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Wally Windsocket of Moose Butt, Minnesota, a customer service representative with Consolidated Bolts and Screws, is the answer to a question on the latest edition of Corporate Trivial Pursuit. Wally has been reliably identified as the last person in corporate America to actually answer a telephone. He has already sent his telephone headset to the Smithsonian.

An amiable fellow, Wally committed this historic act on April 14, 2003 quite by accident. He had been mistakenly allowed into the corporate customer service bullpen before he had been trained in modern corporate service techniques and rashly answered a phone because he didn’t know he wasn’t supposed to.

By now, our Wally knows by heart the automated message that awaits all callers to Consolidated Bolts, and wouldn’t dream of just picking up a ringing phone. This cuddly message, slightly edited to make it more honest, goes in this wise:

“Thank you for calling Consolidated Bolts and Screws, sucker. Kick back, put your feet up and relax, because we’re going to jerk you around for as long as you’ll hold still for it. If you wish to be fobbed off in a language other than English, press two. We do this because we’re really important and busy folks here at Consolidated Bolts and don’t have time to screw around with peasants like you and your petty concerns. By the way, you could always go to our website to attempt to conduct your business there. But you should know that our site will make the obstacle course you had to deal with in basic training seem like a walk on the beach by comparison, and no one has ever successfully transacted any business on it.

“Please listen carefully, as our menu has changed. Ha! Of course it has. You didn’t think we’d leave it the same for a week running so that some damn fool could crack the code, did you? After you listen to about a dozen commercials for products you don’t want, we’ll give you our working hours and addresses, which you already know.

“Those of you who haven’t flaked out or fallen asleep by this point, may listen to an interminable list of numbers to press to deal with a list of situations that are scientifically engineered to not be remotely related to what you called in for.”

The recording doesn’t tell you, but callers with the toughness, the focus, and the extravagant amount of time on their hands to make it as far as the end of the options, will be, at last, rewarded by being put immediately through to another number, where the message will be, “Thank you for calling Consolidated Bolts and Screws, sucker….”

Nitpickers may accuse me of exaggerating, and perhaps I am just a bit. But I’m scratchy on this subject now as I’ve just returned from a trip to my bank that was unnecessary because my business could have easily been transacted over the phone. But what it took me about 20 minutes of phone time to understand was that the complicated bit was reaching my branch on the phone, not my business itself. It became clear that I was about as likely to break through the bank’s paralyzing phone tree — which should be ripped out root and branch — as Brer Rabbit was in getting a response from the Tar-Baby. (I don’t mention my bank’s name here, as it is no guiltier than just about every company in America above mom and pop size. And don’t even get me started on government agencies.)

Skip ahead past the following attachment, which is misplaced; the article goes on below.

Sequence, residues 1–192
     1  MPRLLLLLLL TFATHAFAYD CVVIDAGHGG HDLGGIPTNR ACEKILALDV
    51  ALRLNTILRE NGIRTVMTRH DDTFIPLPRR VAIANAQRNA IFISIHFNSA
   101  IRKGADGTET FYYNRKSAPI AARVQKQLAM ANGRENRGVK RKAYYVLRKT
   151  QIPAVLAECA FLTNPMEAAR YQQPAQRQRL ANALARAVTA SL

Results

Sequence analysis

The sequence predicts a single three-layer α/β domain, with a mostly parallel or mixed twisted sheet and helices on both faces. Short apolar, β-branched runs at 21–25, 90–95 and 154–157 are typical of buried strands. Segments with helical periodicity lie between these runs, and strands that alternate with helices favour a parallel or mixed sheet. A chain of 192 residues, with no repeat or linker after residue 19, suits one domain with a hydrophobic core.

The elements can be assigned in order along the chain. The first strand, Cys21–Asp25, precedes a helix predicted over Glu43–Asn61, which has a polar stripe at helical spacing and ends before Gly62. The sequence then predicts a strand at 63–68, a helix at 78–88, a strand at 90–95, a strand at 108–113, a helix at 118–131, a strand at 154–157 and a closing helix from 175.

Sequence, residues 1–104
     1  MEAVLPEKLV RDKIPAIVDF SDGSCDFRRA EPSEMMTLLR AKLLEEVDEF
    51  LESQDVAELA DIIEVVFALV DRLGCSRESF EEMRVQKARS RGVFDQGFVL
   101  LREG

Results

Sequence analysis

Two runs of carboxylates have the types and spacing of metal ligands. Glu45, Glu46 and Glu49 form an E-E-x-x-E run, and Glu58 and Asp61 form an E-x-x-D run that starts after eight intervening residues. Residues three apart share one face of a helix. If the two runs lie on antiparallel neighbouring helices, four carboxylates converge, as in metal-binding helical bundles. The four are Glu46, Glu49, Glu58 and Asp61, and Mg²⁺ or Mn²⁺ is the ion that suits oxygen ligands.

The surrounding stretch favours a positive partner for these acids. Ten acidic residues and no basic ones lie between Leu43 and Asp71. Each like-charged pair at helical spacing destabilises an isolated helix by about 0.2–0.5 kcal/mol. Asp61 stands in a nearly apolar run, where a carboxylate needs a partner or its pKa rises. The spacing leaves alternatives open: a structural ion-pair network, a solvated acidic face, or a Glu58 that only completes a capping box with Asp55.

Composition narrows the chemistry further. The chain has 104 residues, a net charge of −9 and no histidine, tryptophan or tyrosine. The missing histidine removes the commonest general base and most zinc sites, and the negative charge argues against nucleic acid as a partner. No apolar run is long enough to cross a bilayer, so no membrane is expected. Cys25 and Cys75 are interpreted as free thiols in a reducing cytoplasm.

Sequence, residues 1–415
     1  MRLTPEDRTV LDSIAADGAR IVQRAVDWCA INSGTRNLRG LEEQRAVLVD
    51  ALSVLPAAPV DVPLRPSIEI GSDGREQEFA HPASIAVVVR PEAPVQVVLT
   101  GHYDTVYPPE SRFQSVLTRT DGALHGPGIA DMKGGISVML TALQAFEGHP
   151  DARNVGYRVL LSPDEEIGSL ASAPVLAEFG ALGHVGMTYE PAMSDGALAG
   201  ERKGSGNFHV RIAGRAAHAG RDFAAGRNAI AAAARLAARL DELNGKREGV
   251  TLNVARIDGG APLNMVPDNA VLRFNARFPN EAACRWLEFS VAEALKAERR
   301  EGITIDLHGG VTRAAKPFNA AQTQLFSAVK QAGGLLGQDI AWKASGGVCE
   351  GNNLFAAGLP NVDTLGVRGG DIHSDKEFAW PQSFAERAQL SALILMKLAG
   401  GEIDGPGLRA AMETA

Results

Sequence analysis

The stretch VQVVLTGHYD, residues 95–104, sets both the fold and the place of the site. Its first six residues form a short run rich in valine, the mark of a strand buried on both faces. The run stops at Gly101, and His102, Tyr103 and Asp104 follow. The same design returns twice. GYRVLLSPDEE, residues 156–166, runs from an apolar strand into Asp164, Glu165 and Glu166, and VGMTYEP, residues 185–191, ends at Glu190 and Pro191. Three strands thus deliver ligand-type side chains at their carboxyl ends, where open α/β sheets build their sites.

The customer guy at my branch, a truly helpful, competent, and polite fellow it should be noted, told me that one of the options in the tree was “to talk to a branch (no pun intended) representative.” But I had been so anesthetized by the endless commercials and useless information about hours, locations, etc. (I know, I know this message may be recorded! Get on with it!) that I missed it. And soon after concluded that a two-mile drive to the branch office would involve far less time and heartache than playing phone-tree lotto, a mug’s game with about as much chance of striking it rich (getting through to an actual human being who could help) as winning the real state lotto (which in Florida is about the same as the chance of being struck by lightning while being bitten by a shark).

When I’ve grumped over the years about this obvious symptom of moral and cultural decay, as well as corporate tone-deafness, my business-major friends always try to teach me why this sorry business is not only necessary but is in fact an advancement in civilization. I’m as impenetrable to these explanations as my bank’s phone tree. My cyber/techno/business friends tell me these systems have been designed by competent and sophisticated teams of MBAs, computer geeks, highly trained industrial psychologists, marketing majors, corporate attorneys, sensitivity trainers, and consultants from out of town with really good Power Point presentations. So the results must be good.

Who am I, a Luddite by comparison to the worthies listed above, to question the new and improved way for customers to communicate with the companies that supply us with the goods and services we need and/or just want? But in my simple, non-techno approach to things, I can’t help but escape the conclusion that American corporations, faced with the question of how to communicate with their customers, could have saved a ton of money and come to a much more customer-friendly arrangement had they had just asked Wally.

Here’s a piece of free business advice I’m convinced will be worth far more than what the people who take it have to pay for it. Any American company wishing to be miles ahead of its competitors in customer service, and resultant customer satisfaction, could gain this advantage by the simple expedient of ANSWERING THE DAMN PHONE !!

Larry Thornberry
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Larry Thornberry is a writer in Tampa.
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